Here's what's going on here.
In order to be able to understand what's going on when the solution is cooled from
Notice that the solubility curve shows that at
What that means is that at that temperature, you can only dissolve
A saturated solution is a solution in which you have an equilibrium between the solid solute and particles of solute that are being dissolved into solution.
If you add more than
Now, notice that the solubility of potassium chloride changes with temperature. As temperature decreases from
This means that the solution will hold increasingly smaller amounts of potassium chloride.
As temperature decreases, the average kinetic energy of the water molecules decreases as well. This implies that the water molecules will be less effective at overcoming the ionic bonds that are holding the solute particles together, and thus less effective at breaking apart the solid's crystal structure.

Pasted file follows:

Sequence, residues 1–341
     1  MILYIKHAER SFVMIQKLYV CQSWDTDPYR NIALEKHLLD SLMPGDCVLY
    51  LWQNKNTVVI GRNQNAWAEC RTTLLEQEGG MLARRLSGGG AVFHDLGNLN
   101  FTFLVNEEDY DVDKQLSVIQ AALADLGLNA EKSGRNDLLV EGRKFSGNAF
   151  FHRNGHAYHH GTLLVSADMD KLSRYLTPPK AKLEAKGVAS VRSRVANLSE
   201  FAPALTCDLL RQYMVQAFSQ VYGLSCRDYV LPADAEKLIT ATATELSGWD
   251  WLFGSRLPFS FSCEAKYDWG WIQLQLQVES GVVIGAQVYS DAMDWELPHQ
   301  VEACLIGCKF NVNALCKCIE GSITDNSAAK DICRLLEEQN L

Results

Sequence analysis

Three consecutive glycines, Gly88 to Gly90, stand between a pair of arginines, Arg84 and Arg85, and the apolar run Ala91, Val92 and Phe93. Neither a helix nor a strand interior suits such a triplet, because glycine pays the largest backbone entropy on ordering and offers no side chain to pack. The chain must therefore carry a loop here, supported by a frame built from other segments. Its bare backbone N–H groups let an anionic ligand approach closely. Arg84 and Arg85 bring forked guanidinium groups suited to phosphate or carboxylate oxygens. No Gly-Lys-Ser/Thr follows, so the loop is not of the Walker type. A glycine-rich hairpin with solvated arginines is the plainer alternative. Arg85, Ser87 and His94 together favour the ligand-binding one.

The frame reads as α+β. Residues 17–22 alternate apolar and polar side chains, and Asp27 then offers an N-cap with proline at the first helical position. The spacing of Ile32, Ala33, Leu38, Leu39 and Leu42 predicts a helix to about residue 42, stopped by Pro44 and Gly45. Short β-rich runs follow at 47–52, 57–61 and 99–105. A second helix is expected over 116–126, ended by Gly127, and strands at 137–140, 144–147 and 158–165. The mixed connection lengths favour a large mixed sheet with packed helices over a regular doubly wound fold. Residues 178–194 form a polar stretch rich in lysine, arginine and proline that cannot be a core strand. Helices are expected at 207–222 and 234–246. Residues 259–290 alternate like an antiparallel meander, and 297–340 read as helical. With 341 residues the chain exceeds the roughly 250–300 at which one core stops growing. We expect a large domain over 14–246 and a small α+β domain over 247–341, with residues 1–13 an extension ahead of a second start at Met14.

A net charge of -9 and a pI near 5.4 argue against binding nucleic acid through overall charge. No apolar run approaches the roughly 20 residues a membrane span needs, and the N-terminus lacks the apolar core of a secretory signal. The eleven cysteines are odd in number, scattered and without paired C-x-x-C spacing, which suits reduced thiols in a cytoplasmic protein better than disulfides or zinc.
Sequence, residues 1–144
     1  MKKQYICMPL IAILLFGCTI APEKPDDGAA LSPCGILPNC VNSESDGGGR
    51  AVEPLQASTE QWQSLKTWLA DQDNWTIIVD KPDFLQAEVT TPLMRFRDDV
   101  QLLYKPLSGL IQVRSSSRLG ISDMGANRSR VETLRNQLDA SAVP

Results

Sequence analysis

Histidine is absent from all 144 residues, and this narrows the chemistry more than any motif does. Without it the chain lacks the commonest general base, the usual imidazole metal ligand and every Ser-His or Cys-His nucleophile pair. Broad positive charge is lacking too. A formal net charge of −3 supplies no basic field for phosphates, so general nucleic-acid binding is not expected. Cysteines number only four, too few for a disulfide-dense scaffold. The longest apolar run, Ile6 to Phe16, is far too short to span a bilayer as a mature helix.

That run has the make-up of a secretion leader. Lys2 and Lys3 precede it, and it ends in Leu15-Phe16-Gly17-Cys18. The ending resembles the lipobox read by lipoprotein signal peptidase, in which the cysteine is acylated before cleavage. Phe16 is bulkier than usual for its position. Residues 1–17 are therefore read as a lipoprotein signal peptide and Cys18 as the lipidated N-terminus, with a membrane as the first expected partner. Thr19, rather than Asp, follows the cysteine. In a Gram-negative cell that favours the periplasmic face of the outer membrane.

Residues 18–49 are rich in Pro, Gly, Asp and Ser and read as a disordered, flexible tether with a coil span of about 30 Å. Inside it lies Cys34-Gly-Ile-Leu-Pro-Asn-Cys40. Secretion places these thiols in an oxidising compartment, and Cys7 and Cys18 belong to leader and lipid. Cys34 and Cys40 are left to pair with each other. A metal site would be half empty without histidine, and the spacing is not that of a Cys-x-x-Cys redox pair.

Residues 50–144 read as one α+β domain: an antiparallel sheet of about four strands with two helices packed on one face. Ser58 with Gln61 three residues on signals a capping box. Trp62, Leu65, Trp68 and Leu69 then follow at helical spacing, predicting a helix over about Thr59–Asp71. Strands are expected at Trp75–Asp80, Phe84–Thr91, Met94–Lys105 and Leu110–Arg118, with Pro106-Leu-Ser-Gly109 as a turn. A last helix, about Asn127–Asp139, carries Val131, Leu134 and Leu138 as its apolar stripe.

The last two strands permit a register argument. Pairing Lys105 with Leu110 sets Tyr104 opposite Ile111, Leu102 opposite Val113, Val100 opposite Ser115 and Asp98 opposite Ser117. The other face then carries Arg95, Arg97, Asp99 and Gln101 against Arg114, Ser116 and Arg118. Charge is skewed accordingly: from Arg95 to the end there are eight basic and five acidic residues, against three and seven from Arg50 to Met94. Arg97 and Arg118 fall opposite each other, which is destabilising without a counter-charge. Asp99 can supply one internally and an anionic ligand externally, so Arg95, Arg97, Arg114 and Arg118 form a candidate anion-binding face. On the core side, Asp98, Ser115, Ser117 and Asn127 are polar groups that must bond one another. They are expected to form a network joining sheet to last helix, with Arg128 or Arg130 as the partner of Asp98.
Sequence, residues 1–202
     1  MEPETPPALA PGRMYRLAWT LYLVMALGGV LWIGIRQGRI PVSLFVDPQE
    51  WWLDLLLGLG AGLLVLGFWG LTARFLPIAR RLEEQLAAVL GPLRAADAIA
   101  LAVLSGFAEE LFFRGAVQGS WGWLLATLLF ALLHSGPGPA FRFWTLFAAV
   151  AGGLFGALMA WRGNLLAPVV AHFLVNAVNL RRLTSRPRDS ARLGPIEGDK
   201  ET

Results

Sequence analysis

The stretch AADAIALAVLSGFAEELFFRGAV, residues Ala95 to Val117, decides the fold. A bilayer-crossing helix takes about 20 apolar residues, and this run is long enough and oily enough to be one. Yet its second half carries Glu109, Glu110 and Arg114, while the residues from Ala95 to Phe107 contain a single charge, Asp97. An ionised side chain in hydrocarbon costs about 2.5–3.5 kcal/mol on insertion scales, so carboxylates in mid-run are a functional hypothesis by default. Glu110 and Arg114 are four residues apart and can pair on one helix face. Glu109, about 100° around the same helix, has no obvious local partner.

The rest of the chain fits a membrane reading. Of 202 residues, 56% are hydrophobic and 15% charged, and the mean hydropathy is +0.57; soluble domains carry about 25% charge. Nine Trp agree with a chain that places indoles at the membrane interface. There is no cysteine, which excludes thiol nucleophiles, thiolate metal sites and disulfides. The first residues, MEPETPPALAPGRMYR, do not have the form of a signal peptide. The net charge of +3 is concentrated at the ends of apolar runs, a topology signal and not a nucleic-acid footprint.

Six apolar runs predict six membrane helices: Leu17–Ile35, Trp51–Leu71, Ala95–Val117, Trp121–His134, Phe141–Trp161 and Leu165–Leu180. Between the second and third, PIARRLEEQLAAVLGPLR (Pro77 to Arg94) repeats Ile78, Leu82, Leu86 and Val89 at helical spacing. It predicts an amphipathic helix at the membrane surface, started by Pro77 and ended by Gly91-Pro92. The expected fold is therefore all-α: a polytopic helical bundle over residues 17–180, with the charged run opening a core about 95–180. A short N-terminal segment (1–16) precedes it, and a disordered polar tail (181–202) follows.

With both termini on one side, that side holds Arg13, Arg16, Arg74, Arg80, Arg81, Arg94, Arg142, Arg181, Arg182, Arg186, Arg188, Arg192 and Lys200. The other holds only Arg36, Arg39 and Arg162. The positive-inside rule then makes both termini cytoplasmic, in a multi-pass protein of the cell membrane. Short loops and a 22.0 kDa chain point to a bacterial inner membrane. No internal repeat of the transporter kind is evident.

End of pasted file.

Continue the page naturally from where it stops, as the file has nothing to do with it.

Moreover, decreasing the temperature of the solution also stabilizes the solid's crystal structure because the vibration of the solid's particles will decrease.
As a result, fewer potassium cations,
This tells you that the difference between the amount of potassium chloride that could be dissolved at
In simple terms, the solvated ions will once again become part of the crystal structure. Dissolved potassium chloride will become solid potassium chloride. For these values, you will have
#m_"precipitate" = "42 g" - "28 g" = "14 g KCl" ->#will precipitate
#m_"dissolved" = "28 g KCl" ->#will remain dissolved
Sometimes if you cool the solution slow enough, you will get a supersaturated solution, which is a solution that can hold more dissolved solute than the solubility limit at that given temperature.